Around this time I discovered the No Meat Athlete  site and podcast, which reinforced that it was definitely possible to eat a plant-based diet while partaking in high-intensity fitness activities like marathons. Even though I’m nowhere near that point — and may never be — NMA offers a lot of great information, strategies and recipes for athletes of all abilities.

I was thrilled to review The No Meat Athlete Cookbook by Matt Frazier and Stepfanie Romine  in Tuesday’s issue of Shelf Awareness. They offer athletes at every level 125 plant-based recipes providing a powerhouse of essential nutrients for strength and endurance.

“It’s everything in the food–and the remarkably complex interactions of countless nutrients–that our bodies thrive on, not a single constituent,” the authors state. Because the body also requires less time to process whole foods, more energy is available for workouts and a full recovery afterward.

While athletes are this cookbook’s focus, there’s plenty here for people who are simply interested in eating a plant-based diet.

Thanks to Shelf Awareness for the opportunity to review The No Meat Athlete Cookbook. Read my full review here.

* There was a brief period in 2011-2012 when I ate chicken. The kids and I were still living in Delaware while The Husband commuted back and forth from Pittsburgh, and it was just easier for the three of us to eat the same thing. And then I got a job where I was on the road extensively, often in rural parts of Pennsylvania and West Virginia. After that ended, so did my meat consumption.

 

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Weekend Cooking: The Comfort of an Egg, Avocado and Tomato Sandwich

You know how sometimes there is a particular food or a combination of ingredients that you see everywhere and you tell yourself you really should try that, it looks so simple, it has everything you love, and still somehow you never get around to making it and then — then! — when you do, you wonder what took you so long because now that dish, that meal, that delightful concoction becomes your most favorite thing ever and you’re convinced you could exist quite happily eating nothing else for the rest of your days?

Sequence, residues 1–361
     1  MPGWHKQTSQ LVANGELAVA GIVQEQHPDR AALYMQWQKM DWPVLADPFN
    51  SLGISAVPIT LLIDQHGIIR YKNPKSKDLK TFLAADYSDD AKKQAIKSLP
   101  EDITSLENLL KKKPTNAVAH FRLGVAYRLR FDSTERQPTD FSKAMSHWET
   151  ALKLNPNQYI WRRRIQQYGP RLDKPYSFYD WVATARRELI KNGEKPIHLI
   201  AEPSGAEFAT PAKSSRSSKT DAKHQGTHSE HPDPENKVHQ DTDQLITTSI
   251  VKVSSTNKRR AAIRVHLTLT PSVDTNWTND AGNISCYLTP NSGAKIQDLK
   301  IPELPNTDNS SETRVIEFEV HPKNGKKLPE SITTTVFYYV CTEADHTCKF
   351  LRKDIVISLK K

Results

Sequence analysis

Just me, huh? Oh. Mmm-kay.

That’s been my experience with this egg, avocado and tomato sandwich. I cannot get enough of this.

It started earlier this month at a women’s group I’m part of at church. Each month we gather, people bring food, and we discuss a particular topic. This month was on sustainability, and two of the members talked about ways they’ve implemented more environmentally-friendly practices into their everyday lives. It was incredibly interesting and eye-opening and went beyond the usual suggestions — you know, don’t run the water when you brush your teeth, keep bags in your car for impromptu grocery trips, things we all should be doing anyway.

For example, did you know that after using the restroom, if you count to 12 while shaking the water off your hands after washing them, you will likely use less paper towels because your hands aren’t as wet?

(I’ve been doing this for the past two weeks and damn if it isn’t true.)

Anyway, the two women who led the discussion both have backyard chickens and they brought in fresh eggs for us to take home.

(Look at them. Aren’t they gorgeous?!)

They explained how the eggs, when laid, have a coating on them called “bloom” and because of this, eggs can stay fresh on your counter, unrefrigerated, for several weeks. Once washed, they either need to be used immediately or refrigerated and used relatively quickly. They also explained that eggs in the grocery store may have been there awhile; farmers have 30 days to get eggs to the store and then the store has an additional 30 days to sell them.